1858, the design of these and similar rifles has been pretty much the same for 100 yrs then some liability lawyer came along and now we have an extra devise added to what was a beautifly simple gun. I will confess to missing a shot at a cow elk due to me using it because it was there. I had carried older levers for years before without the cross bar without problem and now it sits on red all the time.

November 26, 2008, 10:13 PM
I know that Jim at www.longhunt.com has safety replacement "screws" for 1894 models. I don't know if he has them for the 1895 as well or if the 1894 screw would fit the 1895. Some of the parts are the same. For instance, I just ordered three Wild West one-piece extractors (bear proof), two for the '95s and one for the '94 and those are all the same. The triggers are the same in both models too.

flashhole, thanks for the suggestion.


J. Jay
November 27, 2008, 12:56 AM
Loop up! Oh, try a ching sling, they work wonders with gun with lots of muzzle flip.

November 27, 2008, 12:00 PM
When shooting any two-part stock rifles off a rest, move the rest up under the receiver. I think you'll find that this will improve the groups considerably. Also, when shooting a heavy recoiling rifle (like a hot load in the .45-70), don't use a rest, but use a "normal" hold with your elbow resting on the bench. I think you'll find your accuracy is still quite good. I learned this little trick reading Paul Matthews book 40 Years with the .45-70.

November 27, 2008, 04:22 PM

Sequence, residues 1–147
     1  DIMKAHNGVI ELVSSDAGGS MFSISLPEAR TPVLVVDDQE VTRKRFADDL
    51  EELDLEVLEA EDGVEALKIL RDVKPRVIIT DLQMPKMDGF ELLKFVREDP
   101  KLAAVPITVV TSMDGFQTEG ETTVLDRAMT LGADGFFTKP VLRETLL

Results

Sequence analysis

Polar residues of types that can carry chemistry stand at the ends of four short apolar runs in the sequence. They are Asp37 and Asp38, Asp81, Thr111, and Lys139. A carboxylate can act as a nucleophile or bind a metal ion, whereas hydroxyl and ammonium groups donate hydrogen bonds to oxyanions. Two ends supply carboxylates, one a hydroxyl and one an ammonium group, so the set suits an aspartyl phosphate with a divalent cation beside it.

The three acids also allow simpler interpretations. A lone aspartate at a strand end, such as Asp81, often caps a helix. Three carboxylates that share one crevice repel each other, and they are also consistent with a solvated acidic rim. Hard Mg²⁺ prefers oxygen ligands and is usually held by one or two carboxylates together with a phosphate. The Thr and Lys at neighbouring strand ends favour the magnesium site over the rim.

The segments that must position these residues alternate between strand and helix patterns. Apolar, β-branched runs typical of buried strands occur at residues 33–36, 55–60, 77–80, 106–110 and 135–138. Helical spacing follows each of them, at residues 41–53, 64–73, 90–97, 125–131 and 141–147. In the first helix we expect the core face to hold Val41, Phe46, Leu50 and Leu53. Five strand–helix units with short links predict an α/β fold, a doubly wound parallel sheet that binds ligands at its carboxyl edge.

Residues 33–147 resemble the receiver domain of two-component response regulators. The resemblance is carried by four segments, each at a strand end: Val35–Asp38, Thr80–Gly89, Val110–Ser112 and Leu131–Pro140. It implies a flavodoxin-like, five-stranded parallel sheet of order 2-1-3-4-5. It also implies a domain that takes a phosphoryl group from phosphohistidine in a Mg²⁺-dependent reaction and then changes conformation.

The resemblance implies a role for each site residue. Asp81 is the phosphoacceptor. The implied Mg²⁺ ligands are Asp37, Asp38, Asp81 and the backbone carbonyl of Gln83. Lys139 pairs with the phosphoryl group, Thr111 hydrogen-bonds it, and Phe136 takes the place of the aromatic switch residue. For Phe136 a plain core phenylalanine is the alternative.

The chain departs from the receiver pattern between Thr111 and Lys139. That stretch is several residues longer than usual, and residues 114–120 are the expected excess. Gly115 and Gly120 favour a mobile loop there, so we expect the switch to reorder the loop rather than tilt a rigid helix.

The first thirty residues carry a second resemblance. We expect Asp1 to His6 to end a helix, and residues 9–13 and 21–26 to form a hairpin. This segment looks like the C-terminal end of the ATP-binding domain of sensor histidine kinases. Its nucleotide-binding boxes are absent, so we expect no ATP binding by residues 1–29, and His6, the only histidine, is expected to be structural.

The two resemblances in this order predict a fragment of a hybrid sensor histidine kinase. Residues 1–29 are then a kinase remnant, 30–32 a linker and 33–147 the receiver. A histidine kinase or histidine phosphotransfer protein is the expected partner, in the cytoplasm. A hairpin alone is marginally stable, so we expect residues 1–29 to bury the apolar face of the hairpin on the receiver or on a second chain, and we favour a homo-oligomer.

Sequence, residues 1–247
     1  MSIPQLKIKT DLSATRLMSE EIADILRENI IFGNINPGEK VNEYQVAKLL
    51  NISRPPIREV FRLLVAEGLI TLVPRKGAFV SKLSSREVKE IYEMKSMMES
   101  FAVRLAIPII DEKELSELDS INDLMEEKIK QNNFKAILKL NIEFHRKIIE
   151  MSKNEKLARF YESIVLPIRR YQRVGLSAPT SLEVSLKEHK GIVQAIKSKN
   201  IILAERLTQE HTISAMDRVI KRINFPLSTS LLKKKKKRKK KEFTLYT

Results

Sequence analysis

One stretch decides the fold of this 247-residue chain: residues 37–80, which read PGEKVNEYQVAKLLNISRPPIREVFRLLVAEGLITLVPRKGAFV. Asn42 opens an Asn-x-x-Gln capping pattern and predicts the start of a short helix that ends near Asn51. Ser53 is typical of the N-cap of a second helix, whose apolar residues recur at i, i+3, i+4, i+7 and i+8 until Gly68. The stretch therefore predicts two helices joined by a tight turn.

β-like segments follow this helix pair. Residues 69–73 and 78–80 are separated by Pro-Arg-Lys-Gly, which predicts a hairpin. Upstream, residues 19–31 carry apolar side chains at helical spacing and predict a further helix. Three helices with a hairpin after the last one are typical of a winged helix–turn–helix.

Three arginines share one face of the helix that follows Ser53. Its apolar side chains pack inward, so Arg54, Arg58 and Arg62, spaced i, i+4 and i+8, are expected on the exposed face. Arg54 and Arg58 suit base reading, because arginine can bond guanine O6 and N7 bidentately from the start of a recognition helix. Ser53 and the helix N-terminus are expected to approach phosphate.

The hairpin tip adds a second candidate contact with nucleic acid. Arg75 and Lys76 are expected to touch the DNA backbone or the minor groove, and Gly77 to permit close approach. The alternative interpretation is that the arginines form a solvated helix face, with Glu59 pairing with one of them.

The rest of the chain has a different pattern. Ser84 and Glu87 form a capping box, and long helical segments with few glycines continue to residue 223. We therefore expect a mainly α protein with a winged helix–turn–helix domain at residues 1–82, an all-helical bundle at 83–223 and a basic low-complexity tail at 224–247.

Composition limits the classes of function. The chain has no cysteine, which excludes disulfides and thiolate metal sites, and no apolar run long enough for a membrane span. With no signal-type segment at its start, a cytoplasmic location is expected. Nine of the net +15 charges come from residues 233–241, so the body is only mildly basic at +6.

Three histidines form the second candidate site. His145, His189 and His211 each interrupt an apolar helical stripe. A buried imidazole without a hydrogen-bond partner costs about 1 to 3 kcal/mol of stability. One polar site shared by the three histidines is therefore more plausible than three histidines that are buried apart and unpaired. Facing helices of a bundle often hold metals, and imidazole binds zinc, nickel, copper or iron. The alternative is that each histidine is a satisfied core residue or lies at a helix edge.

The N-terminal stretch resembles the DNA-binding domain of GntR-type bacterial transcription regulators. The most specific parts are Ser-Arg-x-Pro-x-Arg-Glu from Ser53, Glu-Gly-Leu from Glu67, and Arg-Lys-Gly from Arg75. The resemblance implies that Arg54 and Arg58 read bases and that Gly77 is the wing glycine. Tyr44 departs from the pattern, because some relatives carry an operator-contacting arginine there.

I agree with the first part of kragluver's post. My Ruger #1 is more accurate when I bring a bag up near the receiver. As for the 45-70, shooting it with your elbow resting on the bench will give you a raw bruised elbow. Yes, that's the voice of experience. :)

November 27, 2008, 09:29 PM
So what exactly is a crossbar?

November 27, 2008, 09:38 PM
Crossbar = cross bolt safety. It took me a while to figure out what they were talking about too. :o

P.S. I have Clyde Ludwig's safety replacement kits in my GG and 1894 and am very happy with them. There is also a UPer deer that is very happy I didn't put the kit in as soon as I got the gun. ;)

November 27, 2008, 10:56 PM
Ludwig is the guy that is selling them for around 14 bucks isn't he?
Sorry to hear about the one that got away but its good to know I'm not the only one.

November 28, 2008, 09:39 AM
mine has the crossbar safety. i intentionally do not use it. i have in the past, went to fire the gun, and the dang thing just goes "click"!. so i slip one into the chamber, and put it on 1/2 cock, LIKE EVERY OTHER LEVER GUN I OWN. it works quite well, and there is no safety issues. i will always keep the crossbolt safety for one reason, UNLOADING. it is a nice feature to use for this purpose. other than this purpose, it is there only because the lawyers want it there.

November 28, 2008, 02:02 PM
The only time I use that dang cross bolt is on the range occasionally. I have my brother drop by the bench and set the safety on or off then I set up a shot and pull the trigger without looking. Flinch training. Otherwise, it's o-ringed on fire.